We live in a world where the more we learn, the less we know. And where the darkest eclipse sheds the most brilliant light. As one quote popularized by Einstein* explains…

“The wider the diameter of light,
the larger the circumference of darkness.”


What can we say? The guy knew his ∏.

Knowledge is limited. Imagination encircles the world. — Albert Einstein

The Eclipse That Changed the Universe

* Einstein didn’t invent the quote:

“It has been well said, that the more we enlarge the diameter or sphere of light, the more, too, do we enlarge the circumambient darkness — so that with a wider field of light on which to expatiate, we shall have a more extended border of unexplored territory than ever.”

Institutes of Theology from the Post-humous Works of Rev. Thomas Chalmers (1849) by Chalmers and his son-in-law biographer William Hanna.

A half-century later, Alexander Whyte retells how Chalmers explained the concept to students in Skirling, Scotland.

When Dr. Chalmers was out at Skirling on one occasion he went to the village school and gave the children an elementary lesson in optical science. Taking the blackboard and a piece of chalk he drew a long diameter on the board, and then he ran a large circumference around the diameter. And then turning to the wondering children he said to them in his own imaginative and eloquent way, ‘You must all see that the longer the diameter of light the larger is the surrounding circumference of darkness.”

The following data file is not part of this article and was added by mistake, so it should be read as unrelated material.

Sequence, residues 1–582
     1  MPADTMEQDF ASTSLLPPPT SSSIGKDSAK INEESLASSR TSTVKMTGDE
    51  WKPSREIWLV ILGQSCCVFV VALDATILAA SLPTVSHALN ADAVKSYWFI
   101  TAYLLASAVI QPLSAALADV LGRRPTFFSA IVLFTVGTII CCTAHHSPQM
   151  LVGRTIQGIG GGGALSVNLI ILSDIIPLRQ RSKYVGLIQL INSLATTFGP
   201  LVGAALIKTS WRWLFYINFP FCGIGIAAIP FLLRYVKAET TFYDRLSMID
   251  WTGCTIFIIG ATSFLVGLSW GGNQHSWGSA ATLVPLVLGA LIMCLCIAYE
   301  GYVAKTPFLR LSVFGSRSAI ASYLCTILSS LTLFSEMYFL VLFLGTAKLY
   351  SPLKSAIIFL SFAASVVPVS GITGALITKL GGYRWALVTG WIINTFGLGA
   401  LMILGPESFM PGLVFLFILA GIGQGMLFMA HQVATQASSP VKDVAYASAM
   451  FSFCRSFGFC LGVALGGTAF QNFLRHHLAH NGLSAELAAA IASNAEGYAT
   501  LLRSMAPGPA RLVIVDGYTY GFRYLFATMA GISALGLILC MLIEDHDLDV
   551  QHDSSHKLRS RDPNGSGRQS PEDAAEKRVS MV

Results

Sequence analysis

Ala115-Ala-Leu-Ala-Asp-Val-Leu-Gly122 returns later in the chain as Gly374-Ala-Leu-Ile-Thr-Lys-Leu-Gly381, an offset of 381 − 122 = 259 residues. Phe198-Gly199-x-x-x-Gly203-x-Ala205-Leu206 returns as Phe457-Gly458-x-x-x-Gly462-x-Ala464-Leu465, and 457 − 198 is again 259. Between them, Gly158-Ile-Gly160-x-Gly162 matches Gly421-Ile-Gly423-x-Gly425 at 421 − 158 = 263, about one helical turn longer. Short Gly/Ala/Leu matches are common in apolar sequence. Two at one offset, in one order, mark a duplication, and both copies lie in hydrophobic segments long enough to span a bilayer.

Thirteen Appreciations, by Alexander Whyte (1900)

International Women’s Day 2009

Intl Women's Day poster, USSR, 1920
Women's Day poster, USSR, 1920

Over a hundred years ago today 15,000 women in New York City came together to march for better working conditions and universal women’s suffrage.

The following year the Socialist Party of America declared February 28 to be National Women’s Day. In Copenhagen in 1910 an International Women’s Day was proposed and unanimously agreed upon by 100 women representing 17 countries. It would be observed simultaneously by women around the world on March 8, 1911.

Over a million people observed the first International Women’s Day in countries like Austria, Germany, Switzerland and Denmark.

That same month the devastating Triangle Shirtwaist Fire in New York City killed over 140 women workers, mostly poor immigrants, and propelled the appalling working conditions of women laborers to the forefront of national politics.

In 1917, International Women’s Day played a significant part in one of the most important revolutions of the 20th century: the February Revolution, which took place in, of course, March.